Vasculitis A Comprehensive Overview
Vasculitis is a blanket term
describing a number of disorders characterized by inflammation of one or more blood vessels. It is also
sometimes referred to as angitis.
Any part of the vascular system may be
affected. The Arteries (arteritis), Veins (venulitis), or
Infections of multiple organs present the greatest threats of serious illness or
death. There is a definite concern when single organs like the brain
or eyes are targets.
Further complications can arise
depending on the location of the inflammation. Renal failure is probable
when a kidney is affected, and may lead to dialysis or a kidney transplant.
Inflammation of an aorta leading to
the heart may end in myocardial infarction however less severe cases may
manifest as petechia, miniscule reddish-purple spots on the
skin caused by leaking of a capillary or small blood vessel.
Larger spots are called
purpura. / Vasculitis
may affect the entire body, any of the organs, or a single vessel. Blood vessel inflammation occurs when leaks in
the vascular walls cause the affected area to swell. The inflamed area turns red and is hot and sensitive to the
Antibodies and antigens collect at the inflamed
site and cue the body’s immune system to fight the infection. If they do
not move through the system quickly enough, it is possible for these antibody-antigen complexes to accumulate
along the walls of blood vessels.
The body goes into an autoimmune response and
attacks its own cells along with the foreign invaders. This is believed
by some to cause the inflammation.
The inflamed blood vessels become constricted or completely closed off, inhibiting blood flow
through that vessel.
On very rare occasions, the vessel wall can weaken
and develop a bulge called an aneurysm that may rupture and cause internal
bleeding. An aneurysm may also result in
dissection, or splits along multiple layers of the cell walls.
Either event may be fatal.
Blood vessel inflammation may be the primary feature of a disease, or it may be an
adverse reaction to another event.
Vasculitides refer to diseases that affect different areas of the
body and carry various sets of symptoms. Most vasculitides affect large and medium sized vessels like arteries,
arterioles, veins and venules.
There are approximately 30 known vasculitides.
Some of these rare conditions are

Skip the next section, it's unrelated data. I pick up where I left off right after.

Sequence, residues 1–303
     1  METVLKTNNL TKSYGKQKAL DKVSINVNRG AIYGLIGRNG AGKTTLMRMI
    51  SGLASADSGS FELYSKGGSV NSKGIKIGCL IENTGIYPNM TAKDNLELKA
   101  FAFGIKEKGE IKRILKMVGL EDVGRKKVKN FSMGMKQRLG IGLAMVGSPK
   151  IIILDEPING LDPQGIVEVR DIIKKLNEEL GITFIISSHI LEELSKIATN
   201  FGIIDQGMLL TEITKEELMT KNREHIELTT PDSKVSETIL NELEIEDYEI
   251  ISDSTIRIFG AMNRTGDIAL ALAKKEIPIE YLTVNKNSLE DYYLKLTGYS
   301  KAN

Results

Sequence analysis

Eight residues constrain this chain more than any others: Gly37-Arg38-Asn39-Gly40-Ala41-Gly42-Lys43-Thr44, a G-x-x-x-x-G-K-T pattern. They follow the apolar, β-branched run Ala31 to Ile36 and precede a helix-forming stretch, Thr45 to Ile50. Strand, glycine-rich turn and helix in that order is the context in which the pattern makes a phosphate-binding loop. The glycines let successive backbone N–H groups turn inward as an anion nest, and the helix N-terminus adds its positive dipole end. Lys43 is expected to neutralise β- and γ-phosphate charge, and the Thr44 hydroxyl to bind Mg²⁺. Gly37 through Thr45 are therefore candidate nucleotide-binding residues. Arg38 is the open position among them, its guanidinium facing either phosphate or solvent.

cryoglobulinemia, Henoch-Schonlein purpura, Churg Strauss, giant cell arteritis, polyarteritis nodosa, and central
nervous system vasculitis.
Vascular inflammation may develop as secondary response to bodily injury, allergies,
medications, or infection by other invasive microorganisms.
Sometimes it occurs as an allergic reaction to a
drug used for treating another disease. Vasculitides that develop during autoimmune response most often affect small capillaries, and
sometimes arterioles and venules as well.
Those with compromised immune systems, such as cancer patients,
may be prone to blood vessel inflammation. It
often accompanies conditions such as scleroderma, hepatitis B, systemic sclerosis, and Sjogren’s syndrome,
rheumatoid arthritis, and systemic lupus erythematosus.
Sjogren’s syndrome is an autoimmune disease marked
by dry mouth and eyes from inflammation of salivary glands and tear ducts.
It is often a complication with both Rheumatoid Arthritis and lupus
Rheumatoid Vasculitis, or RV, primarily attacks the skin and peripheral nervous
Digital ischemia may obstruct blood flow to fingers and toes,
Scleritis, or inflammation of the
white of the eye, is another common RV symptom. Sufferers of systemic lupus erythematosus may also have the oral
and ocular dryness along with problems of the heart, joints and muscles, organs, and connective tissues throughout
Whether inflammation is caused by disease or caused by a failed immune system,
treatments are usually the same. Sometimes the cause remains